Varicose Veins of the Pelvis – Pelvic Congestion Syndrome
Varicose veins of the pelvis are a common condition found in women. The veins can lead to chronic pelvic pain. The pain is often cyclical and hormonally responsive. The pelvic pain therefore often seems to worsen during the menstrual cycles, ie during times of increased pelvis blood flow and increased hormone production in the body.
Pelvic varicose veins are also more likely to occur in women of reproductive age. They are found more frequently in women who have been pregnant, especially women that have had multiple full term pregnancies. Damage to the pelvic veins is felt to a contributing factor. When pelvic blood “pools” or collects in damaged pelvic veins abnormally, this leads to the build-up of abnormally high pressure in the pelvic veins. The pressure and stretching of the pelvic veins leads to pain. This process and the resultant pelvic pain is referred to as pelvic venous congestion or pelvic congestion syndrome.
When pelvic varicose veins are examined, they are found to be an abnormal collection of dilated, tortutous, and engorged blood vessels. They have a similar appearance to varicose veins of the legs. The varicose veins of the pelvis can often grown and spread into the regions of the groins and genitalia (vaginal, labial, and vulvar areas). Women with pelvic varicose veins often have hemorrhoids as well.
When varicose veins of the pelvis are studied, they have been found to often be affiliated with abnormal valves of the pelvic veins, often including uterine veins, adnexal veins, and ovarian veins. When the ovarian veins have abnormal veins then this leads to a condition referred to as ovarian vein reflux. Ovarian vein reflux has been proven to be a primary cause of many cases of symptomatic varicose veins of the pelvic.
Ovarian Vein Reflux
Ovarian vein reflux involves a scenario where the blood reverses direction within the ovarian vein. This can occur on the left side, ride side. or both sides of the abdomen and pelvic. Normal direction of blood flow in the ovarian veins is upwards, traveling towards the heart. If the ovarian valves fail then the blood in the involved ovarian vein(s) travels backwards, i.e. away from the heart and toward the pelvic organs. This leads to elevated venous pressure in the pelvis. The elevated pelvic vein pressure can cause abormal enlargement and growth of pelvic varicose veins. This in turn causes chronic pain the pelvis in many women.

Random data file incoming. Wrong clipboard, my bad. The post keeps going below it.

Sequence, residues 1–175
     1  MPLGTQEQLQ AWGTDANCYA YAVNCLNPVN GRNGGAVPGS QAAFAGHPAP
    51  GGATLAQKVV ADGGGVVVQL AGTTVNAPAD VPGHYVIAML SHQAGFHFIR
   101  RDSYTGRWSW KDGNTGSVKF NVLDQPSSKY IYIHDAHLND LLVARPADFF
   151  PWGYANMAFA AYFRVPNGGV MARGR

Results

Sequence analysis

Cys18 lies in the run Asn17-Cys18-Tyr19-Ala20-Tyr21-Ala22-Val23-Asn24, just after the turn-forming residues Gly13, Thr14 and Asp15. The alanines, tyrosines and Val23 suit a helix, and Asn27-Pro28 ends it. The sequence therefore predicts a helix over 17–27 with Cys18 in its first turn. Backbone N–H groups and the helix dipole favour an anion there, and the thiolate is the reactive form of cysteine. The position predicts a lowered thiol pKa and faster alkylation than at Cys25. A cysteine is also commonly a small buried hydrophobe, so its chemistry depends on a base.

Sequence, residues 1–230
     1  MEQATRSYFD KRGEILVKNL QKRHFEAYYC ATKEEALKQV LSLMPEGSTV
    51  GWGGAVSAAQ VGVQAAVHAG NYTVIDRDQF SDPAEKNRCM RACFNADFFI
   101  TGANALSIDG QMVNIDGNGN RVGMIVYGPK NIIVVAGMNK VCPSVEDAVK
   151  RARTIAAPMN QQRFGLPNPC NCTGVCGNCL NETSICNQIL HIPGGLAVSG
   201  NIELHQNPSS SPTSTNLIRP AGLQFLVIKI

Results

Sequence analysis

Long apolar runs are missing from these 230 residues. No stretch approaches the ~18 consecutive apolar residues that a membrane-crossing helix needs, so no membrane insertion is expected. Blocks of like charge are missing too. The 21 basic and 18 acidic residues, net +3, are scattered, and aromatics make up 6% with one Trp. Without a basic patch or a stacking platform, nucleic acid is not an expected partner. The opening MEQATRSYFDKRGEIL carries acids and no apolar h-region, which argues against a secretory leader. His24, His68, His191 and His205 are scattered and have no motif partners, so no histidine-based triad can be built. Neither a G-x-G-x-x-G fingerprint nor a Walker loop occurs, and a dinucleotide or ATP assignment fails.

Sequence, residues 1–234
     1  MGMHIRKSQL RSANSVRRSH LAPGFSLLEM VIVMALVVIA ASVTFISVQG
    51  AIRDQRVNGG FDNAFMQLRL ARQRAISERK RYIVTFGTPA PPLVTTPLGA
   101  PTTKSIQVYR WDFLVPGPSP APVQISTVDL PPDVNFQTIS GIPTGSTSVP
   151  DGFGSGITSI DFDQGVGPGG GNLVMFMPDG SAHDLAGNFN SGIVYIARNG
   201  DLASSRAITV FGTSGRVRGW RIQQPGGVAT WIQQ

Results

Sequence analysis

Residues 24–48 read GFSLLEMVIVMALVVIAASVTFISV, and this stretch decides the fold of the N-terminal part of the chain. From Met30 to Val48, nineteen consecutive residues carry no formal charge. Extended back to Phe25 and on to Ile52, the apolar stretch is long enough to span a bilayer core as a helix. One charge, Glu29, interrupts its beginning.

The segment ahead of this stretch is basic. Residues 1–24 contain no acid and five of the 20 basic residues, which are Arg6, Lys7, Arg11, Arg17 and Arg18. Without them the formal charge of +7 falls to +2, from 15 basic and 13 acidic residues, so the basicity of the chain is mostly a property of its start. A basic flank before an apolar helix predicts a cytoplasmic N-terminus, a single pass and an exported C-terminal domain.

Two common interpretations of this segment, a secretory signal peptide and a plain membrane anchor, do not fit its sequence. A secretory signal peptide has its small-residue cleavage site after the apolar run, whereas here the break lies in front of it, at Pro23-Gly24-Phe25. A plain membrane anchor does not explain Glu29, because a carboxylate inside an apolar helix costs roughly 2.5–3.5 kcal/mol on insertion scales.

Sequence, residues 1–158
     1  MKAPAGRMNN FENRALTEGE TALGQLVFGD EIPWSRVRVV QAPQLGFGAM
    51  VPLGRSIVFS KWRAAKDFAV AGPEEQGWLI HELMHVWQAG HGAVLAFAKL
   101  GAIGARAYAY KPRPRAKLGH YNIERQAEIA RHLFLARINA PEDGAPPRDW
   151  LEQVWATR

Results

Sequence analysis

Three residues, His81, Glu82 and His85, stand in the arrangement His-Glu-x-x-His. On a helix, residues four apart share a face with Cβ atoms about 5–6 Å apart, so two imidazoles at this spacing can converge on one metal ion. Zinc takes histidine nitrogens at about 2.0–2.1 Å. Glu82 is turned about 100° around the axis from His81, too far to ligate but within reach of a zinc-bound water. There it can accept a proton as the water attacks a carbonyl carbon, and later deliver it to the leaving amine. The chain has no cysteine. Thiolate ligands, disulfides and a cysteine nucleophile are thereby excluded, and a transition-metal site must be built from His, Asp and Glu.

Treatment of Pelvic Varicose Veins
Pelvic varicose veins are treated when they lead to chronic pain that is bothersome to the patient. The most common procedure performed for this condition is embolization of the varicose veins and the causative ovarian vein. This is a miminimally invasive outpatient procedure. It involves insertion of a small catheter into the pelvic veins under x-ray guidance. A surgical incision in not required. Rather, it is done through an ultrasound-guided intravenous puncture at the level of the level of the upper leg / groin area. This can be done under local anesthetic alone or with the use of IV sedation. The procedure has a high success rate of resolving the problem and the symptoms.
If you are interested in a consultation for this condition, please call our office at (512) 220-5401.